Farmers are constructing water pans to harvest water ensuring they have year round supply at a time when vagaries of weather have disrupted planting and harvesting seasons, taking a toll on yield and fanning the hunger cycle in Kenya.
Kenya is one of the countries in the African continent identified by the UN Educational, Scientific and Cultural Organization to be a water scarce country, as its renewable freshwater sources supply 647 cubic meters of water per capita per annum. But for farmers in Naivasha water reservoir that stores the flood water collected during the short and long rain seasons have assured them of guaranteed water supply throughout the year. “With water you are not limited to the time, and you can plant whatever crop you want to grow,” said Florence Muthoni, who owns a waterpan in the semi-arid area of Maela.
Construction of the waterpan in 2011 has enabled her manage a greenhouse, which raises her income that she uses to feed her family and educate her children. “I grow watermelons in the greenhouse but this could not be possible without the waterpan because this area is usually dry. The water that is available is only bought from the boreholes,” Muthoni said. She grows the watermelons in the green house six times a year, with an average profit of 1,264 dollars in each season. “This is enough to pay school fees for my two children in college and afford adequate balanced food for them,” she said.
“Before, it was tough, in the dry season like January, you could not get even vegetables in the farm. We could sleep hungry.” Another farmer, Zainabu Malicha, is also benefitting from the establishment of the water storage system, which she said has greatly boosted her agribusiness activities. Malicha, a mother of five children, has two greenhouses where she grows tomatoes that she supplies to wholesale traders. “Tomatoes require a lot of water, which would be extremely expensive for me if I got a supply from the boreholes,” she said.
Although she started with one greenhouse, the good returns she made from the sale of highly marketable tomatoes enabled her put up a second greenhouse, thus increasing her total earnings. “I have realized that having a waterpan in your homestead is the best way to remain productive throughout the year,” she said. The two are among the 286 farmers in the region benefitting from the World Wide Fund for Nature (WWF) program of improving the livelihoods of households living in the dry areas. According to Muthoni, the organization has established 50 waterpans for the farmers at a cost of more than Sh20million.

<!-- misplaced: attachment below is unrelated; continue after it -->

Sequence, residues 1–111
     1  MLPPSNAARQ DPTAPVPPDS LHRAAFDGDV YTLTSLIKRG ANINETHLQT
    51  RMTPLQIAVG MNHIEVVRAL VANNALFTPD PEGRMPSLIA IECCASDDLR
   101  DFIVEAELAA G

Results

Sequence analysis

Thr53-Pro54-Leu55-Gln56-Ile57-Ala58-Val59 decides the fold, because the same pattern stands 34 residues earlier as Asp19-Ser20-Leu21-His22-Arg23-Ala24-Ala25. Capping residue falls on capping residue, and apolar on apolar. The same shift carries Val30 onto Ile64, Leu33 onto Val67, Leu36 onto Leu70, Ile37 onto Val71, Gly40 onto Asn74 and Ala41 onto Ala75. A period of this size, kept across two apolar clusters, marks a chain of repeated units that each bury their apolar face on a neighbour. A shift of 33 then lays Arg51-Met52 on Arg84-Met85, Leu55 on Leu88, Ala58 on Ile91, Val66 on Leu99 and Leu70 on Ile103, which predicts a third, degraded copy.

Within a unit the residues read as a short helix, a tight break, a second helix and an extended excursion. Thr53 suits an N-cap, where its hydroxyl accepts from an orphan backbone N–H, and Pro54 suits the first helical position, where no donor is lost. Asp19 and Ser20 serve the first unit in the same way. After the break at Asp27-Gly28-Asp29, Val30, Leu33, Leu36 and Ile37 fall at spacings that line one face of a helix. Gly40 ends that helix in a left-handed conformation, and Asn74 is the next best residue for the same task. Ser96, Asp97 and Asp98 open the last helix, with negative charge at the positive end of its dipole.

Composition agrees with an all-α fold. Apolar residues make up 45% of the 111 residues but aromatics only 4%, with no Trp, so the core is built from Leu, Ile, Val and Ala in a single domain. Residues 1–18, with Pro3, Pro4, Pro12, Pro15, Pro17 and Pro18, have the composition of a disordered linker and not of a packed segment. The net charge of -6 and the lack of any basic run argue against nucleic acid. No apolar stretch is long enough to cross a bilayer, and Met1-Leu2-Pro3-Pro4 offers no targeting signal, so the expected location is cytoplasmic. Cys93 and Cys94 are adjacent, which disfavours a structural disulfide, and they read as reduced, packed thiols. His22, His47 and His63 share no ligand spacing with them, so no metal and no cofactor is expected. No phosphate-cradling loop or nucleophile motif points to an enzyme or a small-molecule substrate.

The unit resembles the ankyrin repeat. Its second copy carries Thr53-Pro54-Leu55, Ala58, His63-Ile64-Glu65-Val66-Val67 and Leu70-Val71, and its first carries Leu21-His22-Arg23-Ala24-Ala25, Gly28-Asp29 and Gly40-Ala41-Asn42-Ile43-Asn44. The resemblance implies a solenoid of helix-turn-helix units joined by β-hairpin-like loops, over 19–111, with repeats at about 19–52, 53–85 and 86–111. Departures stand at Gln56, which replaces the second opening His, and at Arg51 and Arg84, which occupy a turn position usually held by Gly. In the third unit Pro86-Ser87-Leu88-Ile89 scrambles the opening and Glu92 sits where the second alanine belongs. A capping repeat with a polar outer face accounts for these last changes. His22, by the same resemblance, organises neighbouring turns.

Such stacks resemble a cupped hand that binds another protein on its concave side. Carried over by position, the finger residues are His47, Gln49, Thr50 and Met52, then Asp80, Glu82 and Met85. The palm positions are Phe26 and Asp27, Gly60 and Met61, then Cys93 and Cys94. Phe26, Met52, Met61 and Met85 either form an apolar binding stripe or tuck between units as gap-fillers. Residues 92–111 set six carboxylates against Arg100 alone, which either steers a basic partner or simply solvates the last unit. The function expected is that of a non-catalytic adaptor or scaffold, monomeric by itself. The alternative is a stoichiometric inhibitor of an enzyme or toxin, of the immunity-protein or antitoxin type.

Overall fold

The farmers share the water to irrigate their pieces of land under vegetables, potatoes, maize and beans among other crops. A waterpan, as explained by Alfred Mugalo, a technician in the water storage system, can be established in an area where water can easily be diverted. “It can be near the river or at the edge of a slope as long the water can easily be directed to the waterpan,” said Mugalo. To put up the water reservoir, Mugalo said, mainly requires a dam liner sold at Sh45 a square meter. “A farmer digs the hole with the guidance of a specialist, then a technician uses a welding machine to laid down the dam liner to cover the hole,” he explained.
Putting more land under irrigation to promote food production in the East African nation is an objective under the Economic Stimulus Program that the government aims to achieve through the involvement of all stakeholders including the non-state actors.
Kenya has a total land area of 58.26 million hectares, out of which only 11.65 million hectares receive medium to high rainfall, according to the National Irrigation Board. Out of the 11.65 million hectares, only 7 million hectares is used for agricultural production, an indication of less land usage for production of enough food to feed a growing population estimated to hit 70 million in 2030. “Helping communities embrace techniques that they can use to access a reliable source of food is very important in eliminating hunger among the households,” said Daniel Koros, the WWF Naivasha Project Technical Officer.
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He said households in water stressed regions face hunger and live in poverty due to lack of surplus food for sale to sustain their families. “It is therefore necessary that farmers like those in Naivasha have waterpans where huge amounts of water can be stored for use in the farms for as many as four months,” he noted.
However, construction of a waterpans is expensive, which many of the small-scale farmers would not afford without financial assistance from the micro-finance institutions, state organizations or the nongovernmental organizations. “It is costly to construct a waterpan considering the cost of the dam liner which goes for more than Sh45 a square meter. It requires adequate funding which farmers can get from various sources including the government agencies and banks,” said Koros.